It is an inescapable truth of adult life that our choices have consequences. Each of us must live with the consequences of the choices we make. Each of us, that is, except Sen. Joe Lieberman of Connecticut.

Mark Shields

Mark Shields

The Senate Democratic caucus, with which Lieberman regularly meets and which has rewarded him with the chairmanship of the Senate Committee on Homeland Security, reportedly wants to make nice with Lieberman, who basically kicked the Democrats and the Democratic president-elect in the teeth by endorsing Republican John McCain for president last December.

He then spent the next year playing an inseparable Tonto to McCain’s Lone Ranger, including a prime-time speech at the Republican National Convention in St. Paul, Minn., where he all but canonized McCain while openly criticizing Barack Obama.

During the campaign, while introducing the GOP nominee to a Pennsylvania rally, Lieberman called the 2008 election a choice “between one candidate, John McCain, who has always put country first, worked across party lines to get things done, and one who has not.”

In a televised interview while conceding that Obama had labeled Hamas a terrorist organization, Lieberman added: “But the fact that the spokesperson for Hamas would say they would welcome the election of Sen. Obama really does raise the question why. And it suggests the difference between these two candidates.”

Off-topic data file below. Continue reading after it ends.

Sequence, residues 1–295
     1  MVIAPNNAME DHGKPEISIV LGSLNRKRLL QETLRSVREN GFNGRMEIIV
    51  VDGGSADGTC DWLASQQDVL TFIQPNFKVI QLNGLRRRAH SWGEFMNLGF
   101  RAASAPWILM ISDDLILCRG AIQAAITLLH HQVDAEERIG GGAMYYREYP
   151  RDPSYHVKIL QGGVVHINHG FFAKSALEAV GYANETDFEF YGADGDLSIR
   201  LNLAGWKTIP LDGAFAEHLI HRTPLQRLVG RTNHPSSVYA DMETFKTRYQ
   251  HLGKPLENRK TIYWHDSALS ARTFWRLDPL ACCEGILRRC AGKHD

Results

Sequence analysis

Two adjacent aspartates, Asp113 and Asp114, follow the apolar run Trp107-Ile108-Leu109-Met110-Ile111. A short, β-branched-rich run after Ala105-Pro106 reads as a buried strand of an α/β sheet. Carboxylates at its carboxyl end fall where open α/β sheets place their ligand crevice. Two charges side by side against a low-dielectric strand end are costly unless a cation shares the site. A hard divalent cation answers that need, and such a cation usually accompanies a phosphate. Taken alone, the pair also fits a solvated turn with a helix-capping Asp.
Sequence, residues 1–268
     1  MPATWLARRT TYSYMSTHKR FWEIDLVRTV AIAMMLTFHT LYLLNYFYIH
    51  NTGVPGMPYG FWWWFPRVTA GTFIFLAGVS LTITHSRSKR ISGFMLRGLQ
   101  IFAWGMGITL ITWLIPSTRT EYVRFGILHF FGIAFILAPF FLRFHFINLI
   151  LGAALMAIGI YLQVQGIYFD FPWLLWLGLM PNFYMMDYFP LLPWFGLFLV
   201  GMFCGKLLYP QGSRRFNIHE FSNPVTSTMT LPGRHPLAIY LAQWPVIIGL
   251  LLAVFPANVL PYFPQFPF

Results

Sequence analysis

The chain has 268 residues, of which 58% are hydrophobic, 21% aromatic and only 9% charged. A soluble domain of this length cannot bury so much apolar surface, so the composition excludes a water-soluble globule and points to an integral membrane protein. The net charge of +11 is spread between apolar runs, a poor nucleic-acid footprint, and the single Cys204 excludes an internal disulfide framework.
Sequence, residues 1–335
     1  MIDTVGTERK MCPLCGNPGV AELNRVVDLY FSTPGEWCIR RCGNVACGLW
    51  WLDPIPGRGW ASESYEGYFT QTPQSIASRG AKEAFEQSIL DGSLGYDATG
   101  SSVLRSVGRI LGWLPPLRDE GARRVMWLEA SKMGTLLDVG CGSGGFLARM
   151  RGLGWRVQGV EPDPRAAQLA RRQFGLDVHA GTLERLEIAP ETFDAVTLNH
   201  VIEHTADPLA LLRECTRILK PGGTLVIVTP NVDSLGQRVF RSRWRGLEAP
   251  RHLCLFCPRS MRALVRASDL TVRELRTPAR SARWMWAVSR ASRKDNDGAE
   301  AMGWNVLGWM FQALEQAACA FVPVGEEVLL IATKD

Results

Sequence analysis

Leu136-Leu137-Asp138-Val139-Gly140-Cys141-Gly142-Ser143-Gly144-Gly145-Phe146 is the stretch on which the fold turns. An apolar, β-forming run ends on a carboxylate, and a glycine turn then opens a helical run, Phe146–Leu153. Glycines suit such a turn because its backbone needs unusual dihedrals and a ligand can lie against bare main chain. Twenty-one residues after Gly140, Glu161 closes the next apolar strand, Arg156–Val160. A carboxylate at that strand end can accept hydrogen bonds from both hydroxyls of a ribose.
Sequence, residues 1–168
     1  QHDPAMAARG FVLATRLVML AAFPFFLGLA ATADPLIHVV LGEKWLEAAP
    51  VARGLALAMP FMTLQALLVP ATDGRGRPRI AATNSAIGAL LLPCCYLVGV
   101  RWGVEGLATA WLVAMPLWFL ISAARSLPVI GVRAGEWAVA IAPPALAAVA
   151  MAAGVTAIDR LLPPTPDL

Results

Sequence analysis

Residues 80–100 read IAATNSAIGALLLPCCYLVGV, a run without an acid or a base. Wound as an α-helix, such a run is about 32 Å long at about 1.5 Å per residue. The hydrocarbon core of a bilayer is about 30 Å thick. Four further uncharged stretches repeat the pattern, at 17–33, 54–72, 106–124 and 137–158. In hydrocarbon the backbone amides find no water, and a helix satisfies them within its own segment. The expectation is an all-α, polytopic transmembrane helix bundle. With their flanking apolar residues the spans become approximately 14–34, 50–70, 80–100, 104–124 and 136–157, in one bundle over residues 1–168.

Let’s get this straight: The difference between the Democrat and the Republican presidential nominees in 2008, according to the man whom the Democratic Party in 2000 honored with its vice presidential nomination, is “explained” by an unnamed flak for Hamas? Does anyone hear echoes of the late, unlamented Joseph McCarthy in that argument?

Speaking of the 2000 campaign, Lieberman, as a Democratic vice presidential candidate, was much less aggressive and decidedly more gentle in his criticism of his Republican opponents, George W. Bush and Dick Cheney, than he was in 2008 in his public censuring of Obama.

In fact, in the 2000 vice presidential debate, Lieberman disappointed Democrats by failing to even mention the facts that Cheney had been one of only 10 House members to vote against Head Start and one of four in the House to vote against banning plastic guns from airplanes, and even had voted against a congressional resolution calling for the release of Nelson Mandela from captivity.

Lieberman is not the first member of the Democratic caucus to endorse the presidential opponent of the other party. In 1964, Mississippi Rep. John Bell Williams, a Democrat and an all-out foe of federal civil rights laws, endorsed Republican presidential nominee Barry Goldwater. Rep. Albert Watson, a South Carolina Democrat, did the same thing. Mississippi and South Carolina were among two of the six states Goldwater carried that year. When House Democrats convened in January, however, they abided the maxim that choices do have consequences, and Williams and Watson were stripped of their seniority in the House.

The question now before the Senate Democratic caucus is: Do Senate Democrats in 2008 still believe that choices have consequences? If so, Lieberman will be removed from his committee chairmanship. This is not personal. Lieberman has many admirable qualities and is, frankly, likeable. But to ignore his blatant betrayal of the Democratic presidential nominee — especially when elected Democrats in more marginal states and districts put themselves at some political risk by openly backing Obama-Biden — would be to punish those Senate colleagues, junior to Lieberman, who were faithful. It would sabotage party cohesion on Capitol Hill — forget about any party discipline.

Democrats soon will find out that their choices do have consequences.

Mark Shields is one of the most widely recognized political commentators in the United States. The former Washington Post editorial columnist appears regularly on CNN, on public television and on radio. Click here to contact him.